What I really like about this project is that it cleverly uses taxpayer money to indoctrinate the people who teach our children on what a lousy country this is:

Omaha Public Schools employees likely will get a controversial book about cultural proficiency during the second semester of this school year….

The school board spent more than $130,000 in federal stimulus money to purchase 8,000 copies of the book, "The Cultural Proficiency Journey: Moving Beyond Ethical Barriers Toward Profound School Change."…

The book's authors contend that only those educators who acknowledge the existence of white privilege in America, that "white" is a culture in America and that race "is a definer for social and economic status" can reach proficiency. Those who score poorly on the worksheet are asked in the book what they will do "to align yourself with the values expressed."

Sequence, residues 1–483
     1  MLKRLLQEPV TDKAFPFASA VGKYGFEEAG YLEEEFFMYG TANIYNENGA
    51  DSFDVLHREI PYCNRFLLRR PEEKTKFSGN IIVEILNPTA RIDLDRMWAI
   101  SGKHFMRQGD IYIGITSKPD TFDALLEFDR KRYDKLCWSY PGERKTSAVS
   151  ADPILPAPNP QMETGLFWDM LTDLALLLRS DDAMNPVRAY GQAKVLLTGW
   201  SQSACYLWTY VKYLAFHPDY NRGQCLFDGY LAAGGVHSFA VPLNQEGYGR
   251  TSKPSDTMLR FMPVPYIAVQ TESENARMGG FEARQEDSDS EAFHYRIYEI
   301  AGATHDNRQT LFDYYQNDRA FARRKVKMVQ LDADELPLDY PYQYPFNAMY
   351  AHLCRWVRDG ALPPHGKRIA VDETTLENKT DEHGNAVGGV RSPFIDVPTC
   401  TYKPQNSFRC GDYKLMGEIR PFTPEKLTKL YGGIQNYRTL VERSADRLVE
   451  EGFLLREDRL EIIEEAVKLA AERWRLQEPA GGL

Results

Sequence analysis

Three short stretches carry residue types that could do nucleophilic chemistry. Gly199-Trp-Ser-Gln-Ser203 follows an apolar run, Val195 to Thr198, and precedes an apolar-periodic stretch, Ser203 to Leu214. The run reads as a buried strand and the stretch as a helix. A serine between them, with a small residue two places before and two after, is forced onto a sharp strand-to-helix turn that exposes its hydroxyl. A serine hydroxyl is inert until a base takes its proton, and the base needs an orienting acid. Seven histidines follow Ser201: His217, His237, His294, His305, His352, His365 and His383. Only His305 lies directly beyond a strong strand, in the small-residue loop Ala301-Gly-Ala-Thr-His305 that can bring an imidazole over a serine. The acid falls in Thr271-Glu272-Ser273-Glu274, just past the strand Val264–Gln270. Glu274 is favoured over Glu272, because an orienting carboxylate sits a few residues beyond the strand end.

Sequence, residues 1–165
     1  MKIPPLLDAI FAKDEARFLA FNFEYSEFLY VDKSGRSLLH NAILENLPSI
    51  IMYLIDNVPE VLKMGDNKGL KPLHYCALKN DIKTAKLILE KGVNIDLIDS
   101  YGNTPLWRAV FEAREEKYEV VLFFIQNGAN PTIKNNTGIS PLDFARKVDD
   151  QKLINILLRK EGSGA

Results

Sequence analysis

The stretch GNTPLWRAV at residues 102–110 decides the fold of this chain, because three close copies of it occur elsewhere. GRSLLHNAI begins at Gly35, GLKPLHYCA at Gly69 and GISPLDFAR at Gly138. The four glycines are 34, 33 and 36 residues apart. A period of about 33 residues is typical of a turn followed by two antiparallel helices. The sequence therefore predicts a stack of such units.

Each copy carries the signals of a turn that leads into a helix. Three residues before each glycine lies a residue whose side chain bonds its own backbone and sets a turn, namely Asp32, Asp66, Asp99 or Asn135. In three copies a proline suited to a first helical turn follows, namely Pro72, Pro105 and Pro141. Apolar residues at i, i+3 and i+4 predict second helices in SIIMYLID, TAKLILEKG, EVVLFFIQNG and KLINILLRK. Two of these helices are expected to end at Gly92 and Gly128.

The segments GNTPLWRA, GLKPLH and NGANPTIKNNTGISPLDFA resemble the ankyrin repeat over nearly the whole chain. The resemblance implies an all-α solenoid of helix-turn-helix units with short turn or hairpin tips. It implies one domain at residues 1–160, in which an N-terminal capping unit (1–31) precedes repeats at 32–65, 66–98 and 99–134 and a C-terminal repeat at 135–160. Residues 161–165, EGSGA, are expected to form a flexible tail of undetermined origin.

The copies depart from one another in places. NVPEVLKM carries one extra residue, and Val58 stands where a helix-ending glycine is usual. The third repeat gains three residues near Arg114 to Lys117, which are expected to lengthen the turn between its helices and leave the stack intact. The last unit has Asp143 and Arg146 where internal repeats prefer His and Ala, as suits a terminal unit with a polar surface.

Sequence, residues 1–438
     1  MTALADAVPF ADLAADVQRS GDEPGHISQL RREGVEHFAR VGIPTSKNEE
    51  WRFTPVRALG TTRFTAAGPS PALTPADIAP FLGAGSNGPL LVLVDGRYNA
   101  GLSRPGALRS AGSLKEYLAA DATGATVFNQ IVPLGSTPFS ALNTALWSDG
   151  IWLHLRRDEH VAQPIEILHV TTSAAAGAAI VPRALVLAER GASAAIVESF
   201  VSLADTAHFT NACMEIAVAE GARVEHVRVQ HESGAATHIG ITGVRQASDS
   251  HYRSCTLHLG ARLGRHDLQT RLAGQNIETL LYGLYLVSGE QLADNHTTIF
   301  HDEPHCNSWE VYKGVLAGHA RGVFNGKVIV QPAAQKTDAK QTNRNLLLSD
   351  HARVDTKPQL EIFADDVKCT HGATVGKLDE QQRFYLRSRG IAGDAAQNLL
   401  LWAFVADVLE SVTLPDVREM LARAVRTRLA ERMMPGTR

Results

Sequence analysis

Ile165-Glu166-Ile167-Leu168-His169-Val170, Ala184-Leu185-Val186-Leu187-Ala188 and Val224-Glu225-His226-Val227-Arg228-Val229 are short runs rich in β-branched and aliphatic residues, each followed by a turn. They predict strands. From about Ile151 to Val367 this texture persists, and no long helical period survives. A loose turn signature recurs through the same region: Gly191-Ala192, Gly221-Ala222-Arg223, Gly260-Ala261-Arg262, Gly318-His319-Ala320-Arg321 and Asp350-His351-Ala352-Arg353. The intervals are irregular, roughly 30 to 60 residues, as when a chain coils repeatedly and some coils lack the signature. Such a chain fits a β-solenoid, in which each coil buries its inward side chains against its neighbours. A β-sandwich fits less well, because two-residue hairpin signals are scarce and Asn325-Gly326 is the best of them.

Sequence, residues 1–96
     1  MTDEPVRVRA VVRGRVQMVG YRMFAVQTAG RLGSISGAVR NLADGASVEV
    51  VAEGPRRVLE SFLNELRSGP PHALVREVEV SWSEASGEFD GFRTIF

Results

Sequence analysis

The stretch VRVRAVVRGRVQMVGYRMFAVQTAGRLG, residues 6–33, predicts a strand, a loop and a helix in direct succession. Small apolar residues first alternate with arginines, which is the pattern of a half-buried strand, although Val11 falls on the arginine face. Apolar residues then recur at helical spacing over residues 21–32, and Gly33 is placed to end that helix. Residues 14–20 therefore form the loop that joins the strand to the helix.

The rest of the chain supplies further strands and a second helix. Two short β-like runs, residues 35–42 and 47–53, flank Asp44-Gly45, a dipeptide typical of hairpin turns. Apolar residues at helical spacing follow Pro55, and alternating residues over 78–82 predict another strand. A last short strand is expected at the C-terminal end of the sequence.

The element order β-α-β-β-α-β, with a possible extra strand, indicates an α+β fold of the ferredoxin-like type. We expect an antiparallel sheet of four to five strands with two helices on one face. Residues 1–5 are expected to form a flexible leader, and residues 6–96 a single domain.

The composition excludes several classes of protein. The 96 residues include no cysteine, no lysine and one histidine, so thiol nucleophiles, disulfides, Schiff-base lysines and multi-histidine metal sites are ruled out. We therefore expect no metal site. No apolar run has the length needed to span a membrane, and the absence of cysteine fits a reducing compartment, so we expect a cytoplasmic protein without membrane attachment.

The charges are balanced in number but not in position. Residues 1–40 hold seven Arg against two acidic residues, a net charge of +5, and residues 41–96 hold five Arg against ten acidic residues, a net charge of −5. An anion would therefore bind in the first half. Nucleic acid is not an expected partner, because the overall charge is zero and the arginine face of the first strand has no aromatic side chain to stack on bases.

I particularly like “align yourself with the values expressed.” Could Stalin have phrased it more felicitously?

What if an excellent teacher had the guts to say, “I’d rather be unaligned”? Or, “The profound school change I endorse is proficiency in math and English”?

This seems to be so par for the course that most of us are beyond being shocked or surprised by this kind of thing. But it is serious. To counteract efforts such as this one, I want to recommend a book:  Don’t Let the Kids Drink the Kook-Aid, by Marybeth Hicks.

Hicks explores the many ways in which our schools indoctrinate instead of teaching (there is even a social justice approach to mathematics). As tempting as it is to dismiss things like the “moving beyond ethical barriers” effort as silly (it is), this is what happens in a lot of schools and the result is ignorance.